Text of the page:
Tag Archives: garments

a very particular shade of green

Know how you often buy yarn in the same colour that you’re wearing? Well, I went to the Tampere craft fair like this:

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And bought this:

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Which became this:


The sweater is a basic bottom-up raglan, knit using Elizabeth Zimmermann’s percentage system. I bought the yarn (Cascade 220) from Tampere two years ago, from the booth that’s in the background in the photo. (The sweater made a brief appearance in a post in March, so it’s been in the works for quite some time. Also, I am obviously obsessed with bright green.)

The yarn I bought this time is from Villavyyhti‘s booth, sparkly sock yarn by Lanitium ex Machina. I know they currently carry another sock yarn by the same dyer, but not this sparkly version. (You could always ask, though -at the Villavyyhti Ravelry group, for instance.)

I knew pretty much at once that I wanted to knit a fancy beret out of my green skein, but struggled with the particulars at first. My first attempt didn’t work and got ripped. I then decided to go top-down and to use two yarns. I got the idea to use a mohair/silk laceweight from the Simple Pleasures pattern (available for free). Mine isn’t Alchemy’s Haiku, though -it’s a very old stash yarn and probably another yarn company’s version of Rowan’s Kidsilk Haze.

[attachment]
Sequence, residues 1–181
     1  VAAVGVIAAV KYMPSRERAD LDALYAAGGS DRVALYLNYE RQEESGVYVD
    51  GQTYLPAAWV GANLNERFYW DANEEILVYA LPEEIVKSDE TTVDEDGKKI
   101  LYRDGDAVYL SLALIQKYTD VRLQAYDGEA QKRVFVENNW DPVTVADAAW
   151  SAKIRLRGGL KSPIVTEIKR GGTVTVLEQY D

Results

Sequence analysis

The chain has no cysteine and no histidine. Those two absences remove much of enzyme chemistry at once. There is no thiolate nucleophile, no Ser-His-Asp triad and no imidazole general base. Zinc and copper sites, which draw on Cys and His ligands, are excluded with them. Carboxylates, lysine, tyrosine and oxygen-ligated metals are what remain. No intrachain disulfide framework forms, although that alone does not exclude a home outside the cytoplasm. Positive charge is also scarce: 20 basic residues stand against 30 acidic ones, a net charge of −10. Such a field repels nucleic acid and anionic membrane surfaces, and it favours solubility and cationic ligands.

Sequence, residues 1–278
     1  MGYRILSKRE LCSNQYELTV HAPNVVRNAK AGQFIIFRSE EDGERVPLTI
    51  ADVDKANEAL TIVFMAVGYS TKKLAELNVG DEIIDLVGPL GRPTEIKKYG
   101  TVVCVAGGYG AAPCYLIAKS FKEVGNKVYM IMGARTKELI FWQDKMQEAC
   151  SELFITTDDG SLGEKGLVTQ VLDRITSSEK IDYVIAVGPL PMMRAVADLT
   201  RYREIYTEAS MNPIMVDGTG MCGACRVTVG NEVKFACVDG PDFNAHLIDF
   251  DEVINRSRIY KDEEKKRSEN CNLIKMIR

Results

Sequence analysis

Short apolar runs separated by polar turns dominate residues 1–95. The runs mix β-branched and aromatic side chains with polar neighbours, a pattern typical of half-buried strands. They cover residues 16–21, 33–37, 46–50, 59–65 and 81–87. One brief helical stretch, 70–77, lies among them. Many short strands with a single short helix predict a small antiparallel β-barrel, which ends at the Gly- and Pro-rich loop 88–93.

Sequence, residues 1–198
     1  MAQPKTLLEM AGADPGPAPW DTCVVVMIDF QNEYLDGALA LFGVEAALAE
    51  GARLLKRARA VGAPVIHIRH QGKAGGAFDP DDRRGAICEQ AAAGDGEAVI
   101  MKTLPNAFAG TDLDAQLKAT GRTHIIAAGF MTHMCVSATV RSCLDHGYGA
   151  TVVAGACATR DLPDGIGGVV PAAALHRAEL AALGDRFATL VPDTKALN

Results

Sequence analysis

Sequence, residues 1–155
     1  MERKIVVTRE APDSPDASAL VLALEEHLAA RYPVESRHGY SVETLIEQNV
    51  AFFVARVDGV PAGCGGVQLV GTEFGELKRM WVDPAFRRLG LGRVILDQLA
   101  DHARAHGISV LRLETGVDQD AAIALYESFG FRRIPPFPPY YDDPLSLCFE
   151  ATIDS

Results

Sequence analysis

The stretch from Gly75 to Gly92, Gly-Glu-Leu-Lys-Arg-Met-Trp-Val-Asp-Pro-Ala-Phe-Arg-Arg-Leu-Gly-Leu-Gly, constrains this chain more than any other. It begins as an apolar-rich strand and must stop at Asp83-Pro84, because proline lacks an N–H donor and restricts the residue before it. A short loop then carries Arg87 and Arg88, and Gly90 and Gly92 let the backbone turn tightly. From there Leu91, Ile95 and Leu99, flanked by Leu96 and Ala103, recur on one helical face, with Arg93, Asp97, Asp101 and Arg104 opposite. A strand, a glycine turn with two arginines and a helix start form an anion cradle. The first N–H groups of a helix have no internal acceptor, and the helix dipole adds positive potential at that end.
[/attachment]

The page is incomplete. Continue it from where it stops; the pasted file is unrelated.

(Neither of the pictures shows the crown, but I used yarnovers for the increases.)

I am awfully pleased with the brim. The picot cast off took about 1.5 hours (or two episodes of Pushing Daisies, which might be the best show ever) but I like the result. Very fancy and girly.

And in case you’re wondering, the pictures of me modelling the beret were taken in Turku. We went there for a mini-holiday last weekend.

For a lunch in Turku, I would highly recommend the cafe Turun kirjakahvila. It’s all vegan and near the Turku Cathedral. 



(Un)selfish Knitting

I usually knit just for myself. Being able to wear things I’ve made is part of the fun, and I believe I will always appreciate my handknits more than anyone else would. When I do knit for others, it’s always small items that I then give as gifts. 

I’ve gotten used to thinking of myself as a selfish knitter because I keep most of the things I’ve made. But lately I’ve been wondering…Isn’t knitting something you have absolutely no use for, and because of that giving it to someone, just as selfish?